I have written often about how partners of twins have difficulty understanding the depth and pull of twinship. A woman I shall refer to as Mrs. D recently reached out for help to handle her feelings of resentment and helplessness about her husband’s renewed and intensified relationship with his twin brother.
She explained that, in the past, she had a terrific relationship with her brother-in-law. However, since his contentious divorce and his move next door to her family, she has felt left out and abandoned. When she expresses her discontented feelings to her husband about this situation, he becomes angry and cannot figure out why her feelings about his twin brother have changed. Her husband tells her that he has to be very available to his twin because he is feeling vulnerable and lonely. In her view, her husband seems to have little empathy for the fact that she feels abandoned, as well.
I asked her to tell me more about the twin brothers’ upbringing. She explained that the boys essentially raised each other because their father left the home when they were young, and their mother was an alcoholic who worked to support the family. They parented one another, acting as each other’s best friend, supporter, and parental surrogate.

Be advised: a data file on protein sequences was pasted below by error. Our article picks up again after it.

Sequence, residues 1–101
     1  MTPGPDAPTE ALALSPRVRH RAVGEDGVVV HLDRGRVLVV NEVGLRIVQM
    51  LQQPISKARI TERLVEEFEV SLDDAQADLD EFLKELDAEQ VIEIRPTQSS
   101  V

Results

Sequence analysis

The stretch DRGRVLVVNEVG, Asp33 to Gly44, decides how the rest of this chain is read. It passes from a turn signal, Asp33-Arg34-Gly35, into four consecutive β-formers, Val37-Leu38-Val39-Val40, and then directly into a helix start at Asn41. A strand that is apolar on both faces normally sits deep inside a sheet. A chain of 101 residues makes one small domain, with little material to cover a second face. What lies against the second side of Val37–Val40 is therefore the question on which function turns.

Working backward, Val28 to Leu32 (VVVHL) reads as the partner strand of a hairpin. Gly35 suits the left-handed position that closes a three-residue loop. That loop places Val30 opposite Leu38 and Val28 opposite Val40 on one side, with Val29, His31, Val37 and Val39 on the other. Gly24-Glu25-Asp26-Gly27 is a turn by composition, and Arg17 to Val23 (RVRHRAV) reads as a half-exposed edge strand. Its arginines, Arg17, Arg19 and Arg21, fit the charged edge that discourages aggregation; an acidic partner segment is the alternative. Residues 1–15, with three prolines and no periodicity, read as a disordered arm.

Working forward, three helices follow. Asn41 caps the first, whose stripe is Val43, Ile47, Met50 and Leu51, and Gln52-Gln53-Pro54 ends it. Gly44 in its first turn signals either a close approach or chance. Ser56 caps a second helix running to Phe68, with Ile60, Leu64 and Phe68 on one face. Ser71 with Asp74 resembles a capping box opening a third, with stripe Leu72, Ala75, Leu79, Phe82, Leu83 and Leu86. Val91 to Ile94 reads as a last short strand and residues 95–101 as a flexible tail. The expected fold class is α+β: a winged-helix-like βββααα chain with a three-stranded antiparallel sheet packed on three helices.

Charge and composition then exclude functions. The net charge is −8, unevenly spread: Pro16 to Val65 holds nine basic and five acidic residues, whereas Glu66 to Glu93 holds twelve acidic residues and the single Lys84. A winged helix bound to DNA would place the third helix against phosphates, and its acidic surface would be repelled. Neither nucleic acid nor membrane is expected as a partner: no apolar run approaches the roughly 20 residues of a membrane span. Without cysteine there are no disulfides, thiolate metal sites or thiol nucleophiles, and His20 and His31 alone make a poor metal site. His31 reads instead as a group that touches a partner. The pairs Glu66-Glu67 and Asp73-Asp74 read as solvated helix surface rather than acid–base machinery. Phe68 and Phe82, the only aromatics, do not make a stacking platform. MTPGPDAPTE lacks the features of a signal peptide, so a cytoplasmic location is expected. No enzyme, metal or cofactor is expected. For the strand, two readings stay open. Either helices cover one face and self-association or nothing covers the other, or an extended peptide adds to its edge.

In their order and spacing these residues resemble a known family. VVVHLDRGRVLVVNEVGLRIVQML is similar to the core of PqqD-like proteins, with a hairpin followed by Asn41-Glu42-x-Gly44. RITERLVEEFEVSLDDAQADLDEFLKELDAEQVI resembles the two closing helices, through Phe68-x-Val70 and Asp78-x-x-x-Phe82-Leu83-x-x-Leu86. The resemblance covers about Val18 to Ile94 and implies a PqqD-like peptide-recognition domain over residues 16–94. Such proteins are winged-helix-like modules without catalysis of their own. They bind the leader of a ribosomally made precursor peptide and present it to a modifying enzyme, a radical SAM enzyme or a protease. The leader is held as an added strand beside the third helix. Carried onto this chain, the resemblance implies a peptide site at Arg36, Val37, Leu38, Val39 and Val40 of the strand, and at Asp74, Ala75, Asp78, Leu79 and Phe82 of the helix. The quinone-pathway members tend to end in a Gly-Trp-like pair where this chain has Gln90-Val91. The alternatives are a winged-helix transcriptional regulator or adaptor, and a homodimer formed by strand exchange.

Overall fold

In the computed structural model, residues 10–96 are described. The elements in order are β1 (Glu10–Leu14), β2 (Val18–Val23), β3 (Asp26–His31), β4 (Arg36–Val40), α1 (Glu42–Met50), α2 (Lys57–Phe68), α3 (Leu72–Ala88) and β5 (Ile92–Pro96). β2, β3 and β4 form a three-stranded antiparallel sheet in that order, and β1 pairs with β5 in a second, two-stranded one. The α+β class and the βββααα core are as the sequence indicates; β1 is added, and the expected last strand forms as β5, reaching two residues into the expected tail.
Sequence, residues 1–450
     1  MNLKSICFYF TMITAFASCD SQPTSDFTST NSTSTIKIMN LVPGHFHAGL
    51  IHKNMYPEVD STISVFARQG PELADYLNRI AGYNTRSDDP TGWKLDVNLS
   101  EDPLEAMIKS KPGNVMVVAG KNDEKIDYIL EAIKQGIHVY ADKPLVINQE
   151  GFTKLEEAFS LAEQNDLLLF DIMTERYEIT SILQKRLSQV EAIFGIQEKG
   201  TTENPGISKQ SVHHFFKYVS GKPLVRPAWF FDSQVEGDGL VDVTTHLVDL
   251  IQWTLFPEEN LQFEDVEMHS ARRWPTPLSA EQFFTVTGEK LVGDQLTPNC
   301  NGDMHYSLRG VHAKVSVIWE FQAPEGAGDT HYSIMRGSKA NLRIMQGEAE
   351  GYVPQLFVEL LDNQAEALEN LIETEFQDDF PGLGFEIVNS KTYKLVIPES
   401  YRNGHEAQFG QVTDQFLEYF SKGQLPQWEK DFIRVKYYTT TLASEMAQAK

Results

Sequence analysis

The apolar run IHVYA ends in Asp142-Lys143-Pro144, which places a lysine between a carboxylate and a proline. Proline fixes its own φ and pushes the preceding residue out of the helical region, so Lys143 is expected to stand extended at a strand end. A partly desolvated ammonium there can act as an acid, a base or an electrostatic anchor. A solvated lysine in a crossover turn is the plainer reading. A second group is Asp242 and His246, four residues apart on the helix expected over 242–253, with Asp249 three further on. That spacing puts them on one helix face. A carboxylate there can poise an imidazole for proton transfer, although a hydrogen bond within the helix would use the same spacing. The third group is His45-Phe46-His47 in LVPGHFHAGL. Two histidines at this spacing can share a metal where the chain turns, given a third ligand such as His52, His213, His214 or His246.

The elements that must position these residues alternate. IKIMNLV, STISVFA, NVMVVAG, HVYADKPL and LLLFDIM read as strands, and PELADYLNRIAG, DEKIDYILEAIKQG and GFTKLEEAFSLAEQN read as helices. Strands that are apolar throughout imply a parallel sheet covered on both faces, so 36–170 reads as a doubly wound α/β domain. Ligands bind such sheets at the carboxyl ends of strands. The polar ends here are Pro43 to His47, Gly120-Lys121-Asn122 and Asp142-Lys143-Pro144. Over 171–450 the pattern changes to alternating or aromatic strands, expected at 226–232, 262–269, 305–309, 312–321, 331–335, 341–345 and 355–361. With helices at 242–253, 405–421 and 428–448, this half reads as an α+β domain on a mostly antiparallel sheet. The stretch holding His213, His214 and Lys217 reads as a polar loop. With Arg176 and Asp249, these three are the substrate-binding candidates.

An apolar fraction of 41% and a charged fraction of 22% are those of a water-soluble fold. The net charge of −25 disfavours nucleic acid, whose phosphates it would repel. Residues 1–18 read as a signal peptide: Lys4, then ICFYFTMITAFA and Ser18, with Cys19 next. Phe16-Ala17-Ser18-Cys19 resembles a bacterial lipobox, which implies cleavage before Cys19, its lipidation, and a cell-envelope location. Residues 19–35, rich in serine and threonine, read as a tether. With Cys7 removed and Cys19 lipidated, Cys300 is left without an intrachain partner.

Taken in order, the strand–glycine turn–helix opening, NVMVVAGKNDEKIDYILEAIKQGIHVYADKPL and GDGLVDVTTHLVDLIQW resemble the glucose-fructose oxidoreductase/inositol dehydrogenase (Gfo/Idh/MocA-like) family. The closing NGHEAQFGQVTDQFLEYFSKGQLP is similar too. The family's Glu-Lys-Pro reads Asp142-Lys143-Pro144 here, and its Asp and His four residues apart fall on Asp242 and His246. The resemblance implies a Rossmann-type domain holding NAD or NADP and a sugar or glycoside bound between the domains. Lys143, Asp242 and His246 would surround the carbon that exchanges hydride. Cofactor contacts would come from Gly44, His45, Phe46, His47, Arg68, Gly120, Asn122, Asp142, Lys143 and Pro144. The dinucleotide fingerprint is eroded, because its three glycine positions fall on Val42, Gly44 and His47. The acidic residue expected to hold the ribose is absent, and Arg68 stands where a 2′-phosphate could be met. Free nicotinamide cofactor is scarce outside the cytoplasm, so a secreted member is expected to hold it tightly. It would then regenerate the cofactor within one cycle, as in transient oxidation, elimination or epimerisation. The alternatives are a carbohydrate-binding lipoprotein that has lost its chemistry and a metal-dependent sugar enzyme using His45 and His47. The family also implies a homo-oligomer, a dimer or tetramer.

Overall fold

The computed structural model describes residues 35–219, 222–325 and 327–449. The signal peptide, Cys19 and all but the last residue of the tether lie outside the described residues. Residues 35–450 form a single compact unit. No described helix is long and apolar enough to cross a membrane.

I talked to Mrs. D about their connection—how they held on to each other for emotional and physical survival. In the face of his brother’s dilemma, Mrs. D’s husband feels obligated to take care of his brother to the exclusion of other intimate connections. I related that her husband must be feeling extraordinarily guilty because his brother is in emotional turmoil, while he is not.
After Mrs. D understood the circumstances from an empathic stance, she felt more confident about bringing up the subject with her husband. Her husband responded well to this approach, breaking down and confiding that he was feeling helpless and overwhelmed about not being able to help his brother feel better; moreover, he experienced tremendous guilt because he was not suffering. He explained that he and his brother worked hard to keep balance between them when they were growing up because it felt unbearable for one to have more than the other. His brother’s unstable circumstances have triggered his feelings of responsibility for his brother’s well-being once again and caused discomfort about the inequality that exists between them at present.
Talking about this with his wife helped Mrs. D’s husband recognize that he could not “save” his brother, as he believed he could and should. He followed her advice and helped convince his brother to find a therapist to help him work through his issues. This arrangement helped to empower Mrs. D and her husband so that they could act as supportive allies, not rescuers.
Photo credit: Image courtesy of Winnond at FreeDigitalPhotos.net